Calls for UK fracking ban lifted as council considers shale gas in Derbyshire

The former head of MI6 has called on Boris Johnson to “lift the moratorium on fracking” as Derbyshire County Council considers shale gas extraction in a plan for the county’s natural resources during the next couple of decades.

By Ben McVay
Friday, 4th March 2022, 5:26 pm

Sir Richard Dearlove has warned that Britain’s rush to net zero was “admirable but completely unrealistic” while urging Europe to depart from Russian gas dependency and explore other options for securing gas supplies, including fracking.

In an interview with the Daily Telegraph’s Planet Normal podcast Sir Richard argued that Britain should adopt a gas-to-nuclear policy – producing “the sort of quality gas the Americans produce through fracking” as well as developing small nuclear reactors.

Sir Richard added that UK shale gas would be essential to help Europeans move away from Russian gas imports amid the possibility of a long-term conflict with Russia.

Sign up to our daily newsletter

Anti-fracking campaigners from Eckington and Marsh Lane after INEOS outlined plans to drill in the area

He said: "We have to have sufficient gas storage and supplies.

"What the European powers that are dependent on Russian gas need is a sort of Berlin airlift of gas supplies to Europe as quickly and as fast as possible so that we change the energy equation.”

His comments come a week after it emerged that Derbyshire County Council is considering plans for coal mining and fracking and fracking in the county.

The joint Derbyshire and Derby Minerals Local Plan identifies a “coal bearing strata at surface” running down almost the entire eastern side of Derbyshire from Sheffield to past Ilkeston.

The plan details that oil and gas had been worked at Hardstoft, Calow and Ironville and that exploratory wells have been sunk at Ridgeway, Bramley Moor, Renishaw, Whitwell, Shirebrook, Heath, Golden Valley and Sawley.

Read More

Read More
Coal mining and 'fracking' not ruled out in Derbyshire

However it rates the prospects of extracting gas from coal mines in Derbyshire’s northern and southern coalfields as “poor”.

The report says there is “little potential” for underground coal gasification in Derbyshire and there has been “no known commercial interest at present”.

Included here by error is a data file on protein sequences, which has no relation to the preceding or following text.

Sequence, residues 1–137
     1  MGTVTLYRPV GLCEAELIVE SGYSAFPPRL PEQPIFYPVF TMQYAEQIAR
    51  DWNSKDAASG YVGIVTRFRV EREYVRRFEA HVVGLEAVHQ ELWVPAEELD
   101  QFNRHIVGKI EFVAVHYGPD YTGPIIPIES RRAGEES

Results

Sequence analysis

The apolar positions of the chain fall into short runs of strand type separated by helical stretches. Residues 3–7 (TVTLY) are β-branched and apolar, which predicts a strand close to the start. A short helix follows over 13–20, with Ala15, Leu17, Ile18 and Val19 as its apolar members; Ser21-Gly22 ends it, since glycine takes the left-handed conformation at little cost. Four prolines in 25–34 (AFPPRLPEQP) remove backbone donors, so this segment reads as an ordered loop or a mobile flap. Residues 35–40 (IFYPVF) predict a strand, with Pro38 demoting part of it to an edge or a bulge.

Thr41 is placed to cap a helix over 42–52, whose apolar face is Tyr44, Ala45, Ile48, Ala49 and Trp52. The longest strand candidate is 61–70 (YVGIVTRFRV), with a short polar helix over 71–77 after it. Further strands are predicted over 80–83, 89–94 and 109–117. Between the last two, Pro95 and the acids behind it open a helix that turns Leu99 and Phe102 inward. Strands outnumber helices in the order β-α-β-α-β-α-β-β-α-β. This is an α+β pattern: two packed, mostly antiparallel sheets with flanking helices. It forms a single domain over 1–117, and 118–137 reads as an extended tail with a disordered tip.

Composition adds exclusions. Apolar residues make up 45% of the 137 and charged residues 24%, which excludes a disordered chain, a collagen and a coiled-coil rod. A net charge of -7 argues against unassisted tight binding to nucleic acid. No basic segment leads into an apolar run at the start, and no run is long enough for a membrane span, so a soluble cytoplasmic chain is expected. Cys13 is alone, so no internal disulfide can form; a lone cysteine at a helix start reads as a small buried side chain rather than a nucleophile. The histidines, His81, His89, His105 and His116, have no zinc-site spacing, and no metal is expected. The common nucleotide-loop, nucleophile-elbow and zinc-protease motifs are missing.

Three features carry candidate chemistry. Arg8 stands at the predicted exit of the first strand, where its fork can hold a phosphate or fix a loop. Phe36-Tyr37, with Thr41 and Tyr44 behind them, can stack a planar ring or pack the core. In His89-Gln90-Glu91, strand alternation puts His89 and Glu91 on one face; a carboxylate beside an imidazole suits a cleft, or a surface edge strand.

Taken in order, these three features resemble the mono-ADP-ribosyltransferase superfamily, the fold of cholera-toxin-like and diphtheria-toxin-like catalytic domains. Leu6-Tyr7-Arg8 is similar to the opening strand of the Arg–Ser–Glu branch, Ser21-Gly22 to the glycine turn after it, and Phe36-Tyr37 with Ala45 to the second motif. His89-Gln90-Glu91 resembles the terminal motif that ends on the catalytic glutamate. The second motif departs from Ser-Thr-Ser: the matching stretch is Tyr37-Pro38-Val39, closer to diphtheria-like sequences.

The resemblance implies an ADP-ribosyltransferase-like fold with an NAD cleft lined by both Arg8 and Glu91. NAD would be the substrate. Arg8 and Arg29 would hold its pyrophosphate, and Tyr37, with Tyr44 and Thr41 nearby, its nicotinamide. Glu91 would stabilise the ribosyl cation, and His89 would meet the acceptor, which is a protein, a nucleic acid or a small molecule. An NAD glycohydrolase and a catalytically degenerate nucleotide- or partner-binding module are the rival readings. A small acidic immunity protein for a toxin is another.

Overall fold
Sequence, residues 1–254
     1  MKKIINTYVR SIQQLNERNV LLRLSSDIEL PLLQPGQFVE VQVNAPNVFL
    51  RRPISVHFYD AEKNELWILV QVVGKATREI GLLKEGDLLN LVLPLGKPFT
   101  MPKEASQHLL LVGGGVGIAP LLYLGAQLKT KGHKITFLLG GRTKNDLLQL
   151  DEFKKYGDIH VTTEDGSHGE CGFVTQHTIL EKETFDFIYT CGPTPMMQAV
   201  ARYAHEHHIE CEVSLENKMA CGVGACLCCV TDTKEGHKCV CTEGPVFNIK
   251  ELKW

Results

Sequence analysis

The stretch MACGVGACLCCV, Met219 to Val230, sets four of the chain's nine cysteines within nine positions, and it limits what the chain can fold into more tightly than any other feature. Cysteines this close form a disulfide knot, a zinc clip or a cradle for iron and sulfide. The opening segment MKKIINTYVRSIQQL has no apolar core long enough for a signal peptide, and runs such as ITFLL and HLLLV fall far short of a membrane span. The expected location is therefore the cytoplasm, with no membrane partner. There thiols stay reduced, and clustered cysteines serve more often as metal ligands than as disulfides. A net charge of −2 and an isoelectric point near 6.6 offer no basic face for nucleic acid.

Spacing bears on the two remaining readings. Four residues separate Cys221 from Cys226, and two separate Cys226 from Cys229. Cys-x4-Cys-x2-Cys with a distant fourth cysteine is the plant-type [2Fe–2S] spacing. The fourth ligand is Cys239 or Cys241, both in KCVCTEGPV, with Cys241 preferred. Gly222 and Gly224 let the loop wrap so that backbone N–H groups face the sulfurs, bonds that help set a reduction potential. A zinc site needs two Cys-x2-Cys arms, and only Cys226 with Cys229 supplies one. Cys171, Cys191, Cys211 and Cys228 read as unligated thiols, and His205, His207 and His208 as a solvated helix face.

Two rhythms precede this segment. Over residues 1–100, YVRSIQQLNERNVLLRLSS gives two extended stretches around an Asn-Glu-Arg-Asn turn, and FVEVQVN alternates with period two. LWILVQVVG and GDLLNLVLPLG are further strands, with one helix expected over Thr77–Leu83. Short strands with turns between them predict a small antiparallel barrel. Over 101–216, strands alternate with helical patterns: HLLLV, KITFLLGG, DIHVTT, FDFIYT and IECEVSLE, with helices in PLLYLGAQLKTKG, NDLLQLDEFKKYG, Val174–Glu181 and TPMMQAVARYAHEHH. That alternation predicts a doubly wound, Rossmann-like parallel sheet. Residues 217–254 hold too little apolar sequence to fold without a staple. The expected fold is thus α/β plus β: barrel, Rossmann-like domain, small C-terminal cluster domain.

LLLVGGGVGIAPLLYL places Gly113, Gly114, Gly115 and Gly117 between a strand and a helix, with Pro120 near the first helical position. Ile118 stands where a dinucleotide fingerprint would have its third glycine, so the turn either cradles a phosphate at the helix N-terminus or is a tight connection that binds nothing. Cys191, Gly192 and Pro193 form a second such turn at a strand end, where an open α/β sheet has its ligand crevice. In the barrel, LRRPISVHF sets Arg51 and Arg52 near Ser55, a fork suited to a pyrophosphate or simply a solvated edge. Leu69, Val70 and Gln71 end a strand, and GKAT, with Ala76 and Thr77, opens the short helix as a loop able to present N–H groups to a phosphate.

As for obtaining gas from shale deposits, the report says shale covers a large part of the county and one site exploration was granted permission in Bramley Moor Lane near the village of Marsh Lane, near Eckington.

This application, from petrochemicals firm Ineos, was approved by Government planning inspector Elizabeth Hill in August 2018 following a heated public inquiry- however the permission expired in August 2021.

It includes a map showing the location of potential hydrocarbon resources from shale gas.

This appears to show an area of land covering Bolsover, Staveley and Eckington in the northern part of Derbyshire and parts of Erewash, including Borrowash and Shadlow, stretching from Derby to Loughborough.

The report quotes oil and gas development as being encouraged in coal mines in active and abandoned coalfield areas.

It details that there is currently an effective moratorium on any further hydraulic fracturing (fracking) consents following seismic activity generated from Cuadrilla’s Preston New Road site in Lancashire in 2018.

The report also references the Government’s aim to reach net zero emissions by 2050, which would still be 70 per cent of the current gas usage.

It says the exploration of extracting gas from shale should only be supported if it can be done in a safe and sustainable way, led by science, causes only minimal disturbance and prevents the risk of damage.

The report says: “Modern society and the benefits it enjoys are highly dependent on the continued supply of energy, and whilst the Government seeks to transform energy supply to be derived principally from non-fossil fuel clean technologies, the continued supply of oil and gas will still be required during this transition.

“In view of the lack of knowledge about the location and scale of economically viable oil and gas resources, the plan will maintain their supply by adopting a plan wide policy approach which allows for their exploration, appraisal and production subject to meeting a detailed set of criteria.”

In response, campaign group Transition Chesterfield said: “If Derbyshire County Council spent more time and effort in reducing energy demand – e.g. promoting insulation of homes and buildings or reduction of traffic – and developing renewable energy sources then there would be no need to exploit and extract more climate wrecking fossil fuel energy.

“The council needs to wake up and recognise the devastating consequences of climate change which we are already seeing in Derbyshire.

“We should be taking urgent steps to reduce emissions of carbon, not facilitating the extraction of more unnecessary and damaging fossil fuels.”

A message from Phil Bramley, Derbyshire Times Editor: Support your Derbyshire Times by becoming a digital subscriber. You will see 70 per cent fewer ads on stories, meaning faster load times and an overall enhanced user experience. Click here to subscribe